Four Films with Asta Nielsen consists of the following films, all produced by Germany's Internationale Film-Vertriebs-Gesellschaft in 1913-16:
Die Suffragette (The Suffragette) (1913; 61 minutes)
Despite The Suffragette's strangely backward-looking conclusion (long story short: the suffragettes do not emerge victorious), it's actually a pleasant, efficiently paced drama with a diverting performance from Nielsen. Her natural acting style makes Nelly's transition from naive but outgoing girl to militant feminist believable. Unlike many films from the early silent era, it's not very stagy or dull. In fact, Nelly's anxious rush to save Lord William counts as the highlight of this set.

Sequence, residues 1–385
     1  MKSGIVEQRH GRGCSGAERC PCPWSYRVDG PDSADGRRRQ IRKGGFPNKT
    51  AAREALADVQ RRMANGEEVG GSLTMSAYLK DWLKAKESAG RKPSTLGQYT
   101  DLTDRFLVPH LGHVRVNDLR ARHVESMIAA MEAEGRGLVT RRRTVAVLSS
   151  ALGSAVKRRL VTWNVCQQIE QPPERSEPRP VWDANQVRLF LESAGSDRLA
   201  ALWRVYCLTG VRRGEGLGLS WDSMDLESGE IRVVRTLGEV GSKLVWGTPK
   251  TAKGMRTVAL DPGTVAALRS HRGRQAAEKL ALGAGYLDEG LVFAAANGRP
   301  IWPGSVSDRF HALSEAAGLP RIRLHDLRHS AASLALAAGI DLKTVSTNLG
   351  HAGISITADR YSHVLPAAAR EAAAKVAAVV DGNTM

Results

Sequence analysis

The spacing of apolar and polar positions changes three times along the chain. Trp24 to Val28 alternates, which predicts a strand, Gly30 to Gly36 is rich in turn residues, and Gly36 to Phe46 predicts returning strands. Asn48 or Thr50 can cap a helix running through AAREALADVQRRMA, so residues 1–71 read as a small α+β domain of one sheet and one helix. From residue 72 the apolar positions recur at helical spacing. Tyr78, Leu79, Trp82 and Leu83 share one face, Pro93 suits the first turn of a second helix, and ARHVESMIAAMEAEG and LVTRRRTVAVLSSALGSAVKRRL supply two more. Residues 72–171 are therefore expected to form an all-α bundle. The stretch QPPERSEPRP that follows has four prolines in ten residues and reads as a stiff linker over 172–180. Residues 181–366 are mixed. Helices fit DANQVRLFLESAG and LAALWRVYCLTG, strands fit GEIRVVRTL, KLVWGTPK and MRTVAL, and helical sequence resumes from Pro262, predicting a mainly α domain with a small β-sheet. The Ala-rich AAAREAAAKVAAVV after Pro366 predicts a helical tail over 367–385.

Das Liebes-ABC (The ABCs of Love) (1916; 50 minutes)
A thoroughly average slapstick farce, The ABCs of Love nevertheless holds a lot of fascination due to the cross-dressing angle and Nielsen's unrestrained approach to it. Even when the story becomes poky and unbelievable, the total commitment that Nielsen brings to this silly throwaway (with an outdated message, natch) makes it worth a peek for fans of this über-versatile leading lady.
Das Eskimobaby (The Eskimo Baby) (1916, 70 minutes)